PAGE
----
The general distrust and cynicism toward politicians are further reinforced by public attacks against citizens by President Macron and his ministers. For example, on March 13, President Macron gave a very solemn speech inviting us to stay at home. But he added that we had to vote for local elections two days later. It was a beautiful sunny Sunday and many French citizens took advantage of this election to go, for the last time, into parks or forests. Subsequently, President Macron told us that we were irresponsible to spend this Sunday outside! And now we begin to discover that many citizens were contaminated at voting locations. In response, Didier Lallement, Paris Prefect of Police simply explained that if somebody is contaminated, it’s his own fault: he shouldn’t have gone outside!
As another example, just over a month ago, certain government ministers said that France would not be reached by the virus. And even if France could be reached, it would be a very small number of cases and our healthcare system was ready to deal with it.
The strangest example is probably the government’s position on masks: three weeks ago, masks were judged incapable of preventing the spread of the virus and were considered to be possibly dangerous. Now, they are absolutely necessary to stop the virus’s spreading, and the government, which is so very careful about our health, ordered hundreds of millions of masks from China.
This succession of contradictory statements, embellished by ministerial insults and technocratic arrogance, cannot inspire trust in our political leaders or in the supposedly scientifically based policies they impose.
A similar skepticism of those in power is taking hold when it comes to the personal, political, and economic side of this crisis. We are now confined at home, receiving a massive flow of information, while we watch the rapid destruction of our fragile economy, and our moral condition is worsened by the closure of churches. Logically, most French people are looking to the “day after”—to what will happen after this confinement ends.
The main threat is the increasing anger of the population, especially from those confined in small apartments and cramped places while public disorder all around them slowly rises. This anger is already palpable: more than 100,000 legal complaints have been filed against the government for its catastrophic management of the crisis. But it could escalate to violence if the confinement lasts after the month of May.
Another threat is to our civil liberties: everybody can understand that an exceptional situation requires exceptional means. We can accept this lack of freedom, but only if we believe it’s temporary and not a test for social engineering.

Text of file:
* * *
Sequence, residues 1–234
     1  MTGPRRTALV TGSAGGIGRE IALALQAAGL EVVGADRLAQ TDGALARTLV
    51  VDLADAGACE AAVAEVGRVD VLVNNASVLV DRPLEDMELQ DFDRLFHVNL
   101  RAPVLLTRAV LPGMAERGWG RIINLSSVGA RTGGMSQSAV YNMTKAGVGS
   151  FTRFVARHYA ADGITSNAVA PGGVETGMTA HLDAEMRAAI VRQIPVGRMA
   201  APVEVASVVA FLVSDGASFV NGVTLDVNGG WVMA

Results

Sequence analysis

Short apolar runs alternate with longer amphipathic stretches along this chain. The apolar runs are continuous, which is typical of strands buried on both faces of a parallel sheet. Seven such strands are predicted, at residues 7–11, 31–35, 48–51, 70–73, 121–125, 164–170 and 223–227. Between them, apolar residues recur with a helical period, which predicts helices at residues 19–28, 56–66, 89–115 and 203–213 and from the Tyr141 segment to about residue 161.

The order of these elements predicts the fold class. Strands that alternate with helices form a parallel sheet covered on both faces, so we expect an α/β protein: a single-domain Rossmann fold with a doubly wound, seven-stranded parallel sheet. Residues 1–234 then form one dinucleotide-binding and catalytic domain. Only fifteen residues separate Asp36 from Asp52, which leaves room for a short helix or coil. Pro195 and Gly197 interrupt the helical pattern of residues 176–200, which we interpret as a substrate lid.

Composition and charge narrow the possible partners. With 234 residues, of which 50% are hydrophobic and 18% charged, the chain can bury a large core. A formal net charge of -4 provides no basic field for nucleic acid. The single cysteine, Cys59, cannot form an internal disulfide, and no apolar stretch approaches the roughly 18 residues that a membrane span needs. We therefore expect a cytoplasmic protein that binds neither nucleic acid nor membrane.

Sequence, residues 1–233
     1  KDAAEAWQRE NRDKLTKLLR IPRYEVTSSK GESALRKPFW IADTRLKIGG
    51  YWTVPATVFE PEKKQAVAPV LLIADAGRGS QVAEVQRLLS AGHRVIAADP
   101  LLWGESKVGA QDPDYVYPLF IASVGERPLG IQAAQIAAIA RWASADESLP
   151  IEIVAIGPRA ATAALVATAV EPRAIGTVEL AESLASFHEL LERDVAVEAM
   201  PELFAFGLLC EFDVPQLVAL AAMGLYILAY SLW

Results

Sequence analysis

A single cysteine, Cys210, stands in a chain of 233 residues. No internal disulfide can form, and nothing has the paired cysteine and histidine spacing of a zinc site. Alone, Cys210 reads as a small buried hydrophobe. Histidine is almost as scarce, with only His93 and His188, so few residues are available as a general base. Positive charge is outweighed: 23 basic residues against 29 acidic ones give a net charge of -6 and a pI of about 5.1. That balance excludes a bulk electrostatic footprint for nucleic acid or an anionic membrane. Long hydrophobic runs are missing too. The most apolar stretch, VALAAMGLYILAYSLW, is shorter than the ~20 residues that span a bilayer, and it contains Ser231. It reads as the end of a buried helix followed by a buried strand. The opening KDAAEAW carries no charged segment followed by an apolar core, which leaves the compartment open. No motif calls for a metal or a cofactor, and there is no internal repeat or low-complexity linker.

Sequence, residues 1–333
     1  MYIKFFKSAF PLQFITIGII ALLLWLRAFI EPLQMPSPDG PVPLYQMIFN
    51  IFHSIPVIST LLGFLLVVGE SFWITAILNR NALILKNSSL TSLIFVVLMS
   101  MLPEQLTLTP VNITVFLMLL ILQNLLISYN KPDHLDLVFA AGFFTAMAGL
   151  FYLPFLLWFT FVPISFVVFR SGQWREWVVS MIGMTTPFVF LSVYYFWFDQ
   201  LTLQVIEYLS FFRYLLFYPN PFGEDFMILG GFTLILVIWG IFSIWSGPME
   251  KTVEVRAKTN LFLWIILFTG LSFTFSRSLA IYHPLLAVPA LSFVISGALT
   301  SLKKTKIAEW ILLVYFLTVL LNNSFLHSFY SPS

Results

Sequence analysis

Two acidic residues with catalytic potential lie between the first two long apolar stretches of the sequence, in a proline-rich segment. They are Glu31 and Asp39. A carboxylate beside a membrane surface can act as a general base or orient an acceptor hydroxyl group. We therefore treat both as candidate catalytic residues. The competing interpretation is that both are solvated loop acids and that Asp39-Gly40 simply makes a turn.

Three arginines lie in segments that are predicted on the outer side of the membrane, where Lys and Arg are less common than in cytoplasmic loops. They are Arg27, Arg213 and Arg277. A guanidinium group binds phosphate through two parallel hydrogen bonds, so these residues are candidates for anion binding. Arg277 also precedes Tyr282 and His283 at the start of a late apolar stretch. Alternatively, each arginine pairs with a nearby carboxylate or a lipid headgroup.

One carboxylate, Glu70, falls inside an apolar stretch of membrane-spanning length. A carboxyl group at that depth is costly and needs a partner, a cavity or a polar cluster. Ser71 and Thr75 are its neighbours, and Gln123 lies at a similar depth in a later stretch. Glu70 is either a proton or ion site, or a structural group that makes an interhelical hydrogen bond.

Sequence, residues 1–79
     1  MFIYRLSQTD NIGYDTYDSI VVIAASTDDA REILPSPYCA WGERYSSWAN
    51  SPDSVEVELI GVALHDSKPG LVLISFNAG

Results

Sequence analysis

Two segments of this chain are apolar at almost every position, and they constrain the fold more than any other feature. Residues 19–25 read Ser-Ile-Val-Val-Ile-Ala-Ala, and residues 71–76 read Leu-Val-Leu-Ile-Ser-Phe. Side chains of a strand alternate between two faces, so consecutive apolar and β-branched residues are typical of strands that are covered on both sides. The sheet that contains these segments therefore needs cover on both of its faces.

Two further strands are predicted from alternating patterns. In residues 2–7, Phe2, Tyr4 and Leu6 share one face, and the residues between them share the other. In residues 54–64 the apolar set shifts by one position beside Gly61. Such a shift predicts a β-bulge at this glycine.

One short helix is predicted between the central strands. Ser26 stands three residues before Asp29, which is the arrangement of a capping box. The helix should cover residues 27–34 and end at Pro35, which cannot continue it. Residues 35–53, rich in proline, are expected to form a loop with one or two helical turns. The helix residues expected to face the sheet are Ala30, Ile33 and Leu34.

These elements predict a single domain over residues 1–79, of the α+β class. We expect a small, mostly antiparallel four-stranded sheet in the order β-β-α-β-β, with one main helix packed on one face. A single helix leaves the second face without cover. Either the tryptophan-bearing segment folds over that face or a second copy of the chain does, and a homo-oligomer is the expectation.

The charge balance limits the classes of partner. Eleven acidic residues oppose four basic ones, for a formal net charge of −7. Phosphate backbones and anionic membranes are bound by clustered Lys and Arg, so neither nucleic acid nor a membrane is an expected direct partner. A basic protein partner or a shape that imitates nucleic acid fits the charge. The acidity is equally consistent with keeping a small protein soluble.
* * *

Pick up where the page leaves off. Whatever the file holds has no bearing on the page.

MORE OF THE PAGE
Finally, the pandemic has also cast doubt on the reigning consensus concerning much of our social and economic life. This should give us some hope. Social networks rustle about new forms of economic, and more broadly human, organizations. Many have said that our towns are not “resilient.” But some people now dream of coming back to the countryside and developing a safer economy, reviving factories in France, and consuming local products. (The average citizen learned through this crisis that many of our drugs are produced in China, the heart of the epidemic!) Economic optimization and trade must be balanced with national security needs, which may require more production of certain essential medical devices and pharmaceuticals in France.
We have learned that old, largely abandoned political concepts could still be useful. The post-‘68 revolution told us that the family was archaic, but we now spend weeks on end with our families; they are now our entire horizon and protection. Modern social science and the politicians that follow it told us that nations were no longer important, and that they were insufficient for managing a crisis in an interconnected world. But the European Union is impotent in this pandemic crisis and everybody seeks safety in the guarantees that only nation-states can provide. We have heard that the march of history will soon destroy borders, making them archaic memories of barbarian times. Now, borders are our main protection against the virus’s spread.
This small, crown-like virus has wielded its power and widely changed our way of thinking about the world and our own life. It has driven home the reality that we cannot always know the truth about our own situation or trust that our leaders always have the right answers, even with the power of modern science and technocratic expertise on their side. It is even more difficult to know if all these new perceptions will be for better or for worse.